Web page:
Enter Tongyong Pinyin, which was developed by a group of pro-Taiwan academics who declare it is superior to Hanyu Pinyin, which was developed by the People’s Republic of China to teach Mandarin Chinese. Tongyong Pinyin is claimed to be suitable for teaching Taiwan’s native languages, in addition to Mandarin Chinese, a claim that Hanyu Pinyin cannot fulfill. The idea of Tongyong Pinyin has popular appeal for those who have longed for an elixir to heal Taiwan’s romanization ills.
Many who oppose choosing Tongyong Pinyin over Hanyu Pinyin assert that Tongyong Pinyin’s shortcomings include a lack of acceptance as a standard Pinyin system since it was developed only a few years ago and therefore has not passed the test of time. Others accuse supporters of Tongyong Pinyin as pushing this issue in the name of pro-independence sentiment.
How did China go about selecting Hanyu Pinyin as its romanization system? Did it apply these arguments of selecting a system based on precedence, or general acceptance?
There were Pinyin systems for Mandarin Chinese developed before Hanyu Pinyin, the one which is now currently in use. The two most widely known of these being: Wade-Giles system and Yale system. The Wade-Giles system was developed for use in the Western world in the 19th century by Sir Thomas Francis Wade, a British officer and diplomat. It was later modified by Cambridge University professor, Herbert Allen Giles. The Yale system was developed at Yale University in the 1940’s to teach Mandarin and Cantonese Chinese to military and diplomatic personnel. Hanyu Pinyin was developed in the 1950’s by the People’s Republic of China in its fight against illiteracy.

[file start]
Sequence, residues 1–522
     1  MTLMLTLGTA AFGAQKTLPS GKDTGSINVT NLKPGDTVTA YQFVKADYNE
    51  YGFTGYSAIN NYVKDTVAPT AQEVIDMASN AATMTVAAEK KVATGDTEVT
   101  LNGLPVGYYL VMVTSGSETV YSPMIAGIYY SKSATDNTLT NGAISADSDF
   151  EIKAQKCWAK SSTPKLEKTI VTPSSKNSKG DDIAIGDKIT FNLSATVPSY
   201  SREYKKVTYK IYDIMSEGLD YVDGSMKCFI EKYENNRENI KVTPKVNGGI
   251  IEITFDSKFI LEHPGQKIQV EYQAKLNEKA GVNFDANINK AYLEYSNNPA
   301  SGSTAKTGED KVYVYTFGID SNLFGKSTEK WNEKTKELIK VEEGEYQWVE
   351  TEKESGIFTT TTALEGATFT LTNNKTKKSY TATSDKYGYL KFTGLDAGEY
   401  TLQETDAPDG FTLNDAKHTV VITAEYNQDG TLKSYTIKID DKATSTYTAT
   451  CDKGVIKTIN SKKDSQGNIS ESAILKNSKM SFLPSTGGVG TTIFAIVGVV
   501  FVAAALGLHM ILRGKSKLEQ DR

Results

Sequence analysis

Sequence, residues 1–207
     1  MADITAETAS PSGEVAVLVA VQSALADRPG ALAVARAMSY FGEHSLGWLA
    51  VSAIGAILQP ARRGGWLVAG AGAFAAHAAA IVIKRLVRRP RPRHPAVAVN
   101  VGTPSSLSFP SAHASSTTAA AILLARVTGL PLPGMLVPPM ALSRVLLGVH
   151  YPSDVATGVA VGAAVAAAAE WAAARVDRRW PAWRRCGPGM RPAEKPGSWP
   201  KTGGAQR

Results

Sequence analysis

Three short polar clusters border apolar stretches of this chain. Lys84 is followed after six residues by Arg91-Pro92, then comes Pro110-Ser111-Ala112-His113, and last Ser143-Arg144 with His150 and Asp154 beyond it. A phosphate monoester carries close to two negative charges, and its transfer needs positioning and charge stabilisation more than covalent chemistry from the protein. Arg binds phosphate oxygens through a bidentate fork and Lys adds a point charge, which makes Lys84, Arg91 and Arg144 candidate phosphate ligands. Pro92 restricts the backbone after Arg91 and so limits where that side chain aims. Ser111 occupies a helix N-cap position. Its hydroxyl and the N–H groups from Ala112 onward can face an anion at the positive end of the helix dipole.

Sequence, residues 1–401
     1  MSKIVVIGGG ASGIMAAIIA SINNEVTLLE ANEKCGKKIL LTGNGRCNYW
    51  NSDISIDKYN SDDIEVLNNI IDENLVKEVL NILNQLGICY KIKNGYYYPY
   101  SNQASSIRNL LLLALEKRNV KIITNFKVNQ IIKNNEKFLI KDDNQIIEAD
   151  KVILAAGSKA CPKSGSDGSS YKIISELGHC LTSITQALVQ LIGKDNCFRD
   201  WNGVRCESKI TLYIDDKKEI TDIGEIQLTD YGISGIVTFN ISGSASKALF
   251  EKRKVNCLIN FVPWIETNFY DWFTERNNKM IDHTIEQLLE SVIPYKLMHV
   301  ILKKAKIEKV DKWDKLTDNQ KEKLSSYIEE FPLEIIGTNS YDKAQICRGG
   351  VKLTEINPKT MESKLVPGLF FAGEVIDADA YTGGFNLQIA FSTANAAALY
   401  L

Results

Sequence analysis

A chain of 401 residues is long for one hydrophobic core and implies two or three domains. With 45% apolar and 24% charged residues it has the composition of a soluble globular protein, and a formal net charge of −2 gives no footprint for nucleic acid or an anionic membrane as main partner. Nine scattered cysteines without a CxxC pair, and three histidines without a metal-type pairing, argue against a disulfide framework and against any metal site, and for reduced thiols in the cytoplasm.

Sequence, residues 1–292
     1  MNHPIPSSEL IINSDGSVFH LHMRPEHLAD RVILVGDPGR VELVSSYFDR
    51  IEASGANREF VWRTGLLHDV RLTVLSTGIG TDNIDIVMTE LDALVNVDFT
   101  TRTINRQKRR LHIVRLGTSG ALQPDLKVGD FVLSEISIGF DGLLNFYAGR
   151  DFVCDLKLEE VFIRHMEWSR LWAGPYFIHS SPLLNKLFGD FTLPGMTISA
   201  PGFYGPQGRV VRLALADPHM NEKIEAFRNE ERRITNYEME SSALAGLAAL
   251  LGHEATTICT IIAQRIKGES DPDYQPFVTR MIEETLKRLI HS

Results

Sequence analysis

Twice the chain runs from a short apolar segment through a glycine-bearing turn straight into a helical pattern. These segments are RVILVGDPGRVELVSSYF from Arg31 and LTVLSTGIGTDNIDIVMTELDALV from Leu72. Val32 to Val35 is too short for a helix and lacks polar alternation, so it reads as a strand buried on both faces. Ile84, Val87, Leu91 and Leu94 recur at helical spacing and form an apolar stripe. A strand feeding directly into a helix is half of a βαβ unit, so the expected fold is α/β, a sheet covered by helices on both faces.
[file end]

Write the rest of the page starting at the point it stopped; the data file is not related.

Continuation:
It’s not clear as to why China didn’t simply adopt one of the two previous systems. China chose a newly developed system that didn’t have any precedence. Perhaps the PRC government simply favored a homegrown system over one created by foreigners.
Countries should be allowed to choose a romanization system that best serves the distinct languages of its people. If Tongyong Pinyin can in fact represent the native languages of Taiwan, then I say, what’s stopping everyone? Taiwan should not be afraid of change. Learning Taiwan’s native languages through the use of one uniform system most certainly would be of invaluable benefit to its peoples. If Tongyong Pinyin can accomplish all this, Taiwan should not be concerned about diverging from the international standard for romanizing Mandarin or accusations of being pro-independent.
Taiwan has been using its own unique Bo Po Mo Fo system to teach pronunciation of Chinese characters and also uses traditional Chinese characters. In comparison, China uses Hanyu Pinyin and simplified characters. To date these differences have not been major factors in isolating Taiwan from the international community. Taiwan needs to overcome far more challenging obstacles, other than the romanization issue, in order to break out of its isolation from the international community. Furthermore, the standard usage of Tongyong Pinyin would not preclude Mandarin Chinese from being taught using Hanyu Pinyin. Nor does it preclude the usage of Hanyu Pinyin in official communications with other Chinese speaking nations. Tongyong Pinyin is being proposed as the standard for usage within Taiwan.